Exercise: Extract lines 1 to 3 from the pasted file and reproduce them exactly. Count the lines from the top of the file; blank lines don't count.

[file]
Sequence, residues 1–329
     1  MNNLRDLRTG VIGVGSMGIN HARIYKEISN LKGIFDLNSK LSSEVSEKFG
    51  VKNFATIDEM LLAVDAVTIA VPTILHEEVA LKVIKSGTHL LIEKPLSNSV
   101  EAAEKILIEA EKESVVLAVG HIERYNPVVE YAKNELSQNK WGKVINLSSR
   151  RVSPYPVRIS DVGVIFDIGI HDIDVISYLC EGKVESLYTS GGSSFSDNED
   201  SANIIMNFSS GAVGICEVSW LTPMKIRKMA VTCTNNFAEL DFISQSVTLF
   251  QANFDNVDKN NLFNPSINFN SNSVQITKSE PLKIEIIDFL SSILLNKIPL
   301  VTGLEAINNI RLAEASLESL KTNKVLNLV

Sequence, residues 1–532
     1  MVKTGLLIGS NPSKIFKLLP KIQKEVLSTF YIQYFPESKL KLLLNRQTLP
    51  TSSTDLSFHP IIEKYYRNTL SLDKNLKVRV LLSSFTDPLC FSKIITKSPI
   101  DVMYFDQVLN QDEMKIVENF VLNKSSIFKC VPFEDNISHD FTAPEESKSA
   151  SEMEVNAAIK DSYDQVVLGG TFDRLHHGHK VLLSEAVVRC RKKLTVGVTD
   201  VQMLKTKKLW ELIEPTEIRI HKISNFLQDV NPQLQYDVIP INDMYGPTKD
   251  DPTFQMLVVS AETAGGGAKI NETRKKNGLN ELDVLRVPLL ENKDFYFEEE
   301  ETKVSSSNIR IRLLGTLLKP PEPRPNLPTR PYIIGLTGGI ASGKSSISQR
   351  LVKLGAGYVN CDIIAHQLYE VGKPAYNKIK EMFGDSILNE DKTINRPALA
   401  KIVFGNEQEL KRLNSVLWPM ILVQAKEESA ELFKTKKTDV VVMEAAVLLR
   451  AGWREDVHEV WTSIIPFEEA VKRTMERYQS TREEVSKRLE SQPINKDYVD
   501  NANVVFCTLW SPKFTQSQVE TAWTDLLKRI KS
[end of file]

Sequence, residues 1–329
     1  MNNLRDLRTG VIGVGSMGIN HARIYKEISN LKGIFDLNSK LSSEVSEKFG
    51  VKNFATIDEM LLAVDAVTIA VPTILHEEVA LKVIKSGTHL LIEKPLSNSV